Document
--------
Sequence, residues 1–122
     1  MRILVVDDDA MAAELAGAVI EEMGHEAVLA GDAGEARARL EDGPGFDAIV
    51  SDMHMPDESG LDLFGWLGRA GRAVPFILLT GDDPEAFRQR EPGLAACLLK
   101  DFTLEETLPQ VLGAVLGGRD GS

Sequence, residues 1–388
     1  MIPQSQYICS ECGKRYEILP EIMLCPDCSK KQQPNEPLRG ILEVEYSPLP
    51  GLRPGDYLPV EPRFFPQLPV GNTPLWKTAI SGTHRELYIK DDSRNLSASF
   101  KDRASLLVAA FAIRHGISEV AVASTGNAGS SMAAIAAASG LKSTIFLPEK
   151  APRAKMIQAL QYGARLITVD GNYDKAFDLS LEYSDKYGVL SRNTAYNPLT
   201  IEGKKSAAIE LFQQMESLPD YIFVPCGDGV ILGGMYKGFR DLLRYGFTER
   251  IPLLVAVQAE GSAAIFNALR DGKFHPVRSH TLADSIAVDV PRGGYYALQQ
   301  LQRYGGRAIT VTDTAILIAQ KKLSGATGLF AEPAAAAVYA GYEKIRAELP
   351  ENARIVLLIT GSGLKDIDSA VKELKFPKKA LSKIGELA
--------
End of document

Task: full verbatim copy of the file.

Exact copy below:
Sequence, residues 1–122
     1  MRILVVDDDA MAAELAGAVI EEMGHEAVLA GDAGEARARL EDGPGFDAIV
    51  SDMHMPDESG LDLFGWLGRA GRAVPFILLT GDDPEAFRQR EPGLAACLLK
   101  DFTLEETLPQ VLGAVLGGRD GS

Sequence, residues 1–388
     1  MIPQSQYICS ECGKRYEILP EIMLCPDCSK KQQPNEPLRG ILEVEYSPLP
    51  GLRPGDYLPV EPRFFPQLPV GNTPLWKTAI SGTHRELYIK DDSRNLSASF
   101  KDRASLLVAA FAIRHGISEV AVASTGNAGS SMAAIAAASG LKSTIFLPEK
   151  APRAKMIQAL QYGARLITVD GNYDKAFDLS LEYSDKYGVL SRNTAYNPLT
   201  IEGKKSAAIE LFQQMESLPD YIFVPCGDGV ILGGMYKGFR DLLRYGFTER
   251  IPLLVAVQAE GSAAIFNALR DGKFHPVRSH TLADSIAVDV PRGGYYALQQ
   301  LQRYGGRAIT VTDTAILIAQ KKLSGATGLF AEPAAAAVYA GYEKIRAELP
   351  ENARIVLLIT GSGLKDIDSA VKELKFPKKA LSKIGELA